That Book List
Dick Meyer at NPR has decided to come up with his list of the 100 best novels of the 20th century. “I am not a learned or prolific reader of novels,” he writes. “My taste is probably medium-brow, male and parochial in many ways. Tough. It’s my list.”
Apparently, it is, because it’s certainly not my list. While I wouldn’t call it parochial, I would say that a lot of the books are the kind that were assigned to be read in school, which indicates a kind of incurious reader to me.
She takes issue with the fact that there are only 7 women on the list, and for good reason: if it’s got the title 100 Years, 100 Novels, One List, it should not be so limited. The title should make it clear that it’s not an NPR list but a personal one. He does say so in his article, but frankly, that’s not enough.
The comments after Kellogg’s article make for entertaining reading. One reader accuses her of being snarky, and Dick Meyer’s response, “Well, it’s fine if you find it important to get cranky because I didn’t have a proper ratio of women on my list to suit you; many peope who left comments had the same complaint,” is funny. You find it important to get cranky? What, she read the article and decided, “I haven’t been cranky today. I think I’ll pick on Dick Meyer”? He emphasizes her point by mentioning that other people told him the same thing!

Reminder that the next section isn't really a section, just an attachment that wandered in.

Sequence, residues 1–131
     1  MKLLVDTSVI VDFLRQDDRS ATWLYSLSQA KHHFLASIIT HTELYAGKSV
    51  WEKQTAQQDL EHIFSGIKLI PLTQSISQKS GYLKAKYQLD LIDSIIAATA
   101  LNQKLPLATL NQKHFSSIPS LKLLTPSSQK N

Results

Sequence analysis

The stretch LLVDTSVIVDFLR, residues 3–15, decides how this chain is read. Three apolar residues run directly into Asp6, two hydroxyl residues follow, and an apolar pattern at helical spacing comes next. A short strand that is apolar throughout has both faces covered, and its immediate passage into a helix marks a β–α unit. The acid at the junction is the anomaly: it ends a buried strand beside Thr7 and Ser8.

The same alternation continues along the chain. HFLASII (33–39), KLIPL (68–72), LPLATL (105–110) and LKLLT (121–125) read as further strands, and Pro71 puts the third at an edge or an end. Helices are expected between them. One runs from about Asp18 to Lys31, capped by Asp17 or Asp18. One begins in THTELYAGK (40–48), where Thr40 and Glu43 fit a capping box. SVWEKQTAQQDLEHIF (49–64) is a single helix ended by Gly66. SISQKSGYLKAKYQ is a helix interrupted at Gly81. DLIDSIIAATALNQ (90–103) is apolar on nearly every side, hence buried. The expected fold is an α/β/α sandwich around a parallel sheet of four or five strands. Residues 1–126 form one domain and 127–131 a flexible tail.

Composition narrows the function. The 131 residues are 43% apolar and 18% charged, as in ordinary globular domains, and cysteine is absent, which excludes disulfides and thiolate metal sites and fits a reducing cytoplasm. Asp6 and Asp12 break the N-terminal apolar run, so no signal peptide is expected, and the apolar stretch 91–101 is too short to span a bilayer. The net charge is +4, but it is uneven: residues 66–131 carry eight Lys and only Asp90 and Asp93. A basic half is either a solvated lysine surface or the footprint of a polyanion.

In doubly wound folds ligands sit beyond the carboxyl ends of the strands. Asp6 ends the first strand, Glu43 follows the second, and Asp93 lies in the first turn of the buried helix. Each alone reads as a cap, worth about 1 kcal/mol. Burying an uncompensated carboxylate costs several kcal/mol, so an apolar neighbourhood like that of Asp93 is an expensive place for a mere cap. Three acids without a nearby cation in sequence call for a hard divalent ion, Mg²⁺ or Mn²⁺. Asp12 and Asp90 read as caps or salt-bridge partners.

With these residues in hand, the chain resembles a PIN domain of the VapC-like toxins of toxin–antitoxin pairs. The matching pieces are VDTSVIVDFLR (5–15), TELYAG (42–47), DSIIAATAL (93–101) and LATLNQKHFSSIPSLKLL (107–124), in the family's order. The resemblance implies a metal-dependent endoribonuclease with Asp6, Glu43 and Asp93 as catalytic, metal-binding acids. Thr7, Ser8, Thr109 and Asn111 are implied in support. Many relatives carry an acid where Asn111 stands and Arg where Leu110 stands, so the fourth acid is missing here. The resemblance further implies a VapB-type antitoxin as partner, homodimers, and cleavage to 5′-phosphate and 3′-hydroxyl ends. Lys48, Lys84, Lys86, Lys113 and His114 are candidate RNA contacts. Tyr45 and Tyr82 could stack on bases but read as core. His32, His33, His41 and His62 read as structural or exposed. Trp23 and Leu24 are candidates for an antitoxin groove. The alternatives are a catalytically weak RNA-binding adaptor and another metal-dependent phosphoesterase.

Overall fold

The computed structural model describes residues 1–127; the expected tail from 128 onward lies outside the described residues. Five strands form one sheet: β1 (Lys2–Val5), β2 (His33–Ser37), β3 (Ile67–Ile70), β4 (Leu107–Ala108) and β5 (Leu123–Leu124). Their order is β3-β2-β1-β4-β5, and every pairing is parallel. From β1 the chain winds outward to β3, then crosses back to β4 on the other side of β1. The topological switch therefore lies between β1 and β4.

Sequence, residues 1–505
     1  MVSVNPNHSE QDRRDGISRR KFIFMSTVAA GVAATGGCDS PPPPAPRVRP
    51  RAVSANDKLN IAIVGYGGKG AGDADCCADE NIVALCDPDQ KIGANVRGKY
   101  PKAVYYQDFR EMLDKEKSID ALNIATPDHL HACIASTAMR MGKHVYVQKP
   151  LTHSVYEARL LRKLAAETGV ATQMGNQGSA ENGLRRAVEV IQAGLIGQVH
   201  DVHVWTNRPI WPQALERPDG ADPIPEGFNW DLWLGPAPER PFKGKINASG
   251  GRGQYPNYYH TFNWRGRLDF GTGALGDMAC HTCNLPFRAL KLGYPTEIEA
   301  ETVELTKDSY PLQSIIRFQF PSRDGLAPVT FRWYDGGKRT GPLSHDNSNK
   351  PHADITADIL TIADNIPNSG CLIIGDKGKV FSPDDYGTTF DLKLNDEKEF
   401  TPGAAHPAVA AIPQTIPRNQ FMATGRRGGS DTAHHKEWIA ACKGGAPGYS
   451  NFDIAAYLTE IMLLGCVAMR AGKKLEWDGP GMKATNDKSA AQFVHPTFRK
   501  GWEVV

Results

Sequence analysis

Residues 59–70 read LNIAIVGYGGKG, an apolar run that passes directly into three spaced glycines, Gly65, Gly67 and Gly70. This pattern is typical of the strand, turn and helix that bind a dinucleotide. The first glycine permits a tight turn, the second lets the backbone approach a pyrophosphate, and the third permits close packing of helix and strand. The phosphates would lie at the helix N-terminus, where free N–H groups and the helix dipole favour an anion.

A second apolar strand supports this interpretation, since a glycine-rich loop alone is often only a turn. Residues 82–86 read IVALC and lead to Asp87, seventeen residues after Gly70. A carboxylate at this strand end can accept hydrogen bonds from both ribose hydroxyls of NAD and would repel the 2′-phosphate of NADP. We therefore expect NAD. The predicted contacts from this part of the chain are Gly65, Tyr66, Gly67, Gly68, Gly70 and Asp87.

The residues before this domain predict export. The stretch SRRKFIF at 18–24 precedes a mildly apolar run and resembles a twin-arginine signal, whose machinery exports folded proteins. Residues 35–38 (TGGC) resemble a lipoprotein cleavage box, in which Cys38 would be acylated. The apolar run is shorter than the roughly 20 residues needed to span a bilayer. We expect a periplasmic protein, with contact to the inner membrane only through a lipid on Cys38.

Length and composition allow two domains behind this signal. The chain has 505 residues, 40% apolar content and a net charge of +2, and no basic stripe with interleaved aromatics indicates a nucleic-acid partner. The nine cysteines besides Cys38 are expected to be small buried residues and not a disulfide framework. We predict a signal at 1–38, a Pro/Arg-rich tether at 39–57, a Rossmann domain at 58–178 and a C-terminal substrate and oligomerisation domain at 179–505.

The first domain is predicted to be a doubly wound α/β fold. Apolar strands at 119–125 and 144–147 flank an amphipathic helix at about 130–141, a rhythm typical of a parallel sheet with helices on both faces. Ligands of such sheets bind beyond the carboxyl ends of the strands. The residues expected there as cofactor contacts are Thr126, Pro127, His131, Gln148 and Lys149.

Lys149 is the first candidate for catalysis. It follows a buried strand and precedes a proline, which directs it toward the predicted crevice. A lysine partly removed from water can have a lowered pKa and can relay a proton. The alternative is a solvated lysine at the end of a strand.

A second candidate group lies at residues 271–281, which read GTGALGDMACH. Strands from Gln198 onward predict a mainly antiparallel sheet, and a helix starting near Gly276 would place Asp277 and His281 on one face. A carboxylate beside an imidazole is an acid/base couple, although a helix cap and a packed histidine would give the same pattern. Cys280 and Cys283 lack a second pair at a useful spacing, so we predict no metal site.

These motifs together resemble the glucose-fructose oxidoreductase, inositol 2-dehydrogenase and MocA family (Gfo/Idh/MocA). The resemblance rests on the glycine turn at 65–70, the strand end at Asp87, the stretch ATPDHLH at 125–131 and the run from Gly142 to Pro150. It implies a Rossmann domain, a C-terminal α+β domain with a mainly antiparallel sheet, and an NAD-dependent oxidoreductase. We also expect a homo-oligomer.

To be fair, it’s impossible to compile a list of 100 books spanning 100 years. No one’s going to fully agree with you, which is actually delightful. It means we haven’t read all there is to be read.
I do wish Meyer had put a brief blurb by each choice so we could see why he loved it. For example, why O’Brien’s In the Lake of the Woods rather than The Things They Carried, or If I Die in a Combat Zone?
Why Animal Farm but not 1984? He includes Huxley’s Brave New World, so perhaps he prefers it over Orwell’s book. Whatever the case, I want to know.